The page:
Parliament, subject to the obligations of EU membership, as provided in the
Constitution of Ireland the sole and exclusive power of making laws is vested
in the Oireachtas.
Government policy and administration may be examined and
criticised in both Houses, but under the Constitution the Government is
responsible to the D�il alone.
In the passage of legislation the primacy of the
D�il is clearly shown in relation to Money Bills, on which the Seanad is
empowered only to make recommendations (not amendments) and these must be made
within twenty-one days.
At present D�il �ireann has 166 members
called Teachta' D�la (TDs). Members are returned by the forty-one
constituencies into which the country is divided. Under present arrangements,
twelve constituencies return three members each, fifteen constituencies return
four members each, and fourteen constituencies return five members each. No
constituency may return less than three members. Under the Constitution the
number of members shall from time to time be fixed by law, but the total number
of members of D�il �ireann shall not be fixed at less than one member for each
thirty thousand of the population, or at more than one member for each twenty
thousand of the population. The ratio of elected members to population shall,
as far as is practicable, be the same for each constituency throughout the
country. The Houses of the Oireachtas must revise the constituencies at least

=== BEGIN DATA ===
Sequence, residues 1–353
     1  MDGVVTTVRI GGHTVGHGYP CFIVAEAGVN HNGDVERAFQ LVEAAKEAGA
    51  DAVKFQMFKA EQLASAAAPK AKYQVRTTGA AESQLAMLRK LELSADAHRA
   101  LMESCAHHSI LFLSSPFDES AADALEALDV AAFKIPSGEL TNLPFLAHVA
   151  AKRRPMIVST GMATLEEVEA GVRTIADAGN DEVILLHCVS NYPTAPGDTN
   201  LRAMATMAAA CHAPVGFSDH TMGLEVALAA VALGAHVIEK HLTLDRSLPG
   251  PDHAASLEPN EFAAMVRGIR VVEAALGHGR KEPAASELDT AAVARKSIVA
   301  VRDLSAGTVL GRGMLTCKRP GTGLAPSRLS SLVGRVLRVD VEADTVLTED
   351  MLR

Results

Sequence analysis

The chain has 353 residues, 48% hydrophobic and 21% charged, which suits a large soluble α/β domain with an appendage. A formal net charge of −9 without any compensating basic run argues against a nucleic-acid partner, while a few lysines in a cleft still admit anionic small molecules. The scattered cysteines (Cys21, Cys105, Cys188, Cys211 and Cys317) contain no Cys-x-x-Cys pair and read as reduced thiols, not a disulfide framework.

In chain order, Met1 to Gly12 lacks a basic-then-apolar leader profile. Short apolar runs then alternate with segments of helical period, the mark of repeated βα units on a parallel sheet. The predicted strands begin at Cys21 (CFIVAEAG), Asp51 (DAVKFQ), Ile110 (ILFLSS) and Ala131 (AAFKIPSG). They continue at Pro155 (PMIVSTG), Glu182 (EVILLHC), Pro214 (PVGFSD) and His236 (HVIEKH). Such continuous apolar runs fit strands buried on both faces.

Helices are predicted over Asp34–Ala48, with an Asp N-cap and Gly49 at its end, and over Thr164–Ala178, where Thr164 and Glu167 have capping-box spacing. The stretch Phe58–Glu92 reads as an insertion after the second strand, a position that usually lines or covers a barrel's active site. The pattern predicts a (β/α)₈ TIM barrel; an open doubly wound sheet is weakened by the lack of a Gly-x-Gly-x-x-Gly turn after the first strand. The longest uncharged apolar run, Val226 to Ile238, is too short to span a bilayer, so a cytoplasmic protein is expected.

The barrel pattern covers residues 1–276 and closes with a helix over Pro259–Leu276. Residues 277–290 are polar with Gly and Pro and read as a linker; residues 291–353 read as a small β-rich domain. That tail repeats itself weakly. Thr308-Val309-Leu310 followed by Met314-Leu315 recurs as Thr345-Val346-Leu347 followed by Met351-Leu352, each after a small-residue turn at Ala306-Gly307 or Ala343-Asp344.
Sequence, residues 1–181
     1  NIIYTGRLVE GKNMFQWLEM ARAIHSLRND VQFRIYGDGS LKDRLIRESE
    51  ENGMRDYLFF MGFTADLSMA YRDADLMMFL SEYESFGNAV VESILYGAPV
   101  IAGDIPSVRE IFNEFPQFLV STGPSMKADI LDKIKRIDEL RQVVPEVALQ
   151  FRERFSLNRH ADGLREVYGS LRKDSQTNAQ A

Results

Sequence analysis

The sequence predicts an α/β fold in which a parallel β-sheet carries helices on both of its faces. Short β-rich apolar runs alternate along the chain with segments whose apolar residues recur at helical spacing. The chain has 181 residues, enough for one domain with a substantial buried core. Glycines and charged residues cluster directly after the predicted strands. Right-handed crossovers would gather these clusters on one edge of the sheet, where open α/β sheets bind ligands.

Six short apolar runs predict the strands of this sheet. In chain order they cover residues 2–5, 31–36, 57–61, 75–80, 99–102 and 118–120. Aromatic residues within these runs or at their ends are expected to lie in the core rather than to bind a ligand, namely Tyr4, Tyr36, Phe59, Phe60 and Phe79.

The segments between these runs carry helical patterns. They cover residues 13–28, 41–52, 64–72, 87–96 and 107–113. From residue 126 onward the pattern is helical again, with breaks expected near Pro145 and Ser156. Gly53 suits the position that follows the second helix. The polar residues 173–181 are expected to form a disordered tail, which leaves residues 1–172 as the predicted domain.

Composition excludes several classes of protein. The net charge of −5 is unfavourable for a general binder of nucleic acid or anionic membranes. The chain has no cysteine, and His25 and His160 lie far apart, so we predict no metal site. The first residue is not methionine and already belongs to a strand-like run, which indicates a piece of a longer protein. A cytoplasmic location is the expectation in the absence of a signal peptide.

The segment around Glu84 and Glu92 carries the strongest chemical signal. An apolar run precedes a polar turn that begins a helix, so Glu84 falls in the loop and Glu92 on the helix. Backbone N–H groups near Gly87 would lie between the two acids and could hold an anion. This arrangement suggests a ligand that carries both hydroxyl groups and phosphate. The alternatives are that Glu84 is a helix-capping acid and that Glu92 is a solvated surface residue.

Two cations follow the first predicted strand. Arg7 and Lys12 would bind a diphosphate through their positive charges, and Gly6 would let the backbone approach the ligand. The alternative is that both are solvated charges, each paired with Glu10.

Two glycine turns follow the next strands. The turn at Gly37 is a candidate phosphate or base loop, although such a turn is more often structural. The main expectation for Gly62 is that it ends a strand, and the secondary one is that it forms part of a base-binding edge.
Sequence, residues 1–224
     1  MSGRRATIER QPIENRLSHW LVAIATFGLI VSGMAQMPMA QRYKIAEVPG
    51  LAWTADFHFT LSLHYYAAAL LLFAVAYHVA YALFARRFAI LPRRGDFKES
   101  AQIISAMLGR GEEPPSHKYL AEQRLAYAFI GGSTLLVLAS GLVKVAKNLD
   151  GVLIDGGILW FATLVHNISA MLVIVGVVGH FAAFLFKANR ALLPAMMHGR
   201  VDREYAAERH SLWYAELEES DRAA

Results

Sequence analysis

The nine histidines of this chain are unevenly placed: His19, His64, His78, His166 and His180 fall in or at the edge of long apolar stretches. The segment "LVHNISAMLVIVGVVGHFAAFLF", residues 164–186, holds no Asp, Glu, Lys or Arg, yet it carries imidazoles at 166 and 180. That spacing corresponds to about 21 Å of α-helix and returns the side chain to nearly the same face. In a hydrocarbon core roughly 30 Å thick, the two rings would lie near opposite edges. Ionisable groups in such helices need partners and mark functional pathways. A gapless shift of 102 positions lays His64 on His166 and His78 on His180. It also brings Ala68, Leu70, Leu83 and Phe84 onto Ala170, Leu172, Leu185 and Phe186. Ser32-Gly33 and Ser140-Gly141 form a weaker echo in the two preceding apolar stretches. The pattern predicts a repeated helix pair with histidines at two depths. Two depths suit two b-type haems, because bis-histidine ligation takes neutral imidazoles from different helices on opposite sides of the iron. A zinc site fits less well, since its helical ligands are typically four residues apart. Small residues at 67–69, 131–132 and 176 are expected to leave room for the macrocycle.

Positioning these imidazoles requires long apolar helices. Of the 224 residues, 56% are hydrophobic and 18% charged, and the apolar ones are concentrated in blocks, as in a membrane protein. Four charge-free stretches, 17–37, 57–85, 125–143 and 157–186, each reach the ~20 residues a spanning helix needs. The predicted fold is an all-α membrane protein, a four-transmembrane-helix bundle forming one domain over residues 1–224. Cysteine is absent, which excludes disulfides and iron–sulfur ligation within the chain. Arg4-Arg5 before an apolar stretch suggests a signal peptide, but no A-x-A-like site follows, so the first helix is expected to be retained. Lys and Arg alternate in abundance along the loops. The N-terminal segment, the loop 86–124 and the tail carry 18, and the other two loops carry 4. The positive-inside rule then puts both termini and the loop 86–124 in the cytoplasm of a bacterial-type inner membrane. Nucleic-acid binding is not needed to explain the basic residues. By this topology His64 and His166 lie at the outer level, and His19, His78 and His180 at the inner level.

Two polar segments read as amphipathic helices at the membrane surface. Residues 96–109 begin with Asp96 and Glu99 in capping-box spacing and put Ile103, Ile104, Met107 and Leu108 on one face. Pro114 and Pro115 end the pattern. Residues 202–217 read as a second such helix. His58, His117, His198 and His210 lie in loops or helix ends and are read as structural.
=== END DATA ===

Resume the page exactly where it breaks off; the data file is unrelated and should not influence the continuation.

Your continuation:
once every twelve years.
Seanad �ireann has sixty members. Eleven members are nominated directly by
the Taoiseach. Forty-three members are elected from five panels of candidates -
The Cultural and Educational Panel, The Agricultural Panel, The Labour Panel,
The Industrial and Commercial Panel and The Administrative Panel. Each panel
consists of persons with knowledge and practical experience of the interests
represented by the panel. The remaining six members are elected by two
universities - three by the National University of Ireland and three by the
University of Dublin. The powers of the Seanad, as defined by the Constitution,
are in general less than those of the D�il. It has complementary powers with
the D�il in broad areas such as the removal from office of a President or a
judge; the declaration and termination of a state of emergency; the initiation
of Bills other than Money Bills; and the annulment of statutory instruments.
The Seanad has prior or exclusive powers in other areas, however.